The convenience channel has become a source of growth for larger grocers in a number of markets. Even in the US, home of the big-box store, major players have tested the water, albeit with patchy success. The likes of Wal-Mart are upping their focus on smaller stores and, although they will not represent a short-term threat to America’s ‘Cokes and smokes’ c-stores, indie operators need to be wary. Hannah Abdulla reports.

Convenience has become a key trend driving shopping habits in a number of markets. Time-poor consumers have turned to smaller outlets closer to their homes or place of work; shoppers also believe they can better manage their budgets by buying less, more often at smaller stores.

Major hypermarket and supermarket retailers in countries like the UK and France have expanded heavily into the convenience channel in the last decade or more.  

However, in the US, the convenience channel is quite different. According to the National Association of Convenience Stores (NACS), the association that represents convenience and fuel retailers in the US, of the 149,000-plus c-stores in the country, 63% are owned and operated by someone with just one outlet. C-stores in the US are – predominantly – linked to fuel stations and sell, in the main, tobacco, snacks and beer.

Nevertheless, the mainstream larger retailers in the US have been monitoring the channel, which continues to grow. Data from the NACS issued last month showed there was a 1.4% increase in the number of convenience stores in the US in 2013 to 151,282 outlets.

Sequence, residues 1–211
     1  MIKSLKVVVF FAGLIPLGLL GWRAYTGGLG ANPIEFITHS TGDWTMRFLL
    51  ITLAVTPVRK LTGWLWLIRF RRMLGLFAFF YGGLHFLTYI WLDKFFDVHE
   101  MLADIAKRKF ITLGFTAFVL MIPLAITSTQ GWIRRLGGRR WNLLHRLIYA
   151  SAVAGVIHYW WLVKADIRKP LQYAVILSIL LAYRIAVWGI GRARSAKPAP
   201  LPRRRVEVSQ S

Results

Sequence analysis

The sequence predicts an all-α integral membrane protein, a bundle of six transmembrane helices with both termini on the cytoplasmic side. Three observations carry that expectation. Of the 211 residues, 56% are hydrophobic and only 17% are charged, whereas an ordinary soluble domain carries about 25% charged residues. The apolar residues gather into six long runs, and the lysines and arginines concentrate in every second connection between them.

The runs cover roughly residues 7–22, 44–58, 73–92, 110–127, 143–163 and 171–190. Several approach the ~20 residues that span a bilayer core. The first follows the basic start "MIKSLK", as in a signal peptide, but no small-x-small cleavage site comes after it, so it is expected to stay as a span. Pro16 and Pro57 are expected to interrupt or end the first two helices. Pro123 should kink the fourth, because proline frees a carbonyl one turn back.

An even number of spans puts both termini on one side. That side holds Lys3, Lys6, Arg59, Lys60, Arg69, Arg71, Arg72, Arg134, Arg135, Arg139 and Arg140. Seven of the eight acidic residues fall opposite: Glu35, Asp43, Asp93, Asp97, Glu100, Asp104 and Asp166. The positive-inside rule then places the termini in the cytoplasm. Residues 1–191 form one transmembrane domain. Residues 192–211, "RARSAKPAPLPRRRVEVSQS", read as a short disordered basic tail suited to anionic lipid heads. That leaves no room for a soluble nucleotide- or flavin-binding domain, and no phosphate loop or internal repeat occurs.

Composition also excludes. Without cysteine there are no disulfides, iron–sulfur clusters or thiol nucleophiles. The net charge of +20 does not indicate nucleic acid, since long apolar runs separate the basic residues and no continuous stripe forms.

“Today’s time-starved consumers need quick and convenient access to food, fuel and beverages. No other retail channel comes close to filling these needs than America’s convenience stores, which is why our industry continues to grow,” NACS chairman Brad Call said.

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By GlobalData

Executives at the major grocers in the US would no doubt agree. However, their attempts to break into the channel have not gone smoothly so far.

Wal-Mart, perhaps the epitome of the big-box retailer, opened a smaller type of store, called Neighbourhood Market, in 1998. The format is still up and running – and Wal-Mart plans to open more this year – but, at 38,000 square feet, is not quite competing with a typical c-store.

In 2008, Wal-Mart tested a much smaller outlet of around 16,000 sq ft called Marketside. The move was seen to have been sparked by Tesco‘s launch of its US business Fresh & Easy. That said, during the Noughties, Safeway, in California, and Supervalu Inc, with its Urban Fresh outlet in Chicago, opened smaller formats, while Giant Eagle opened its first Giant Eagle Express store in Pittsburgh in 2007.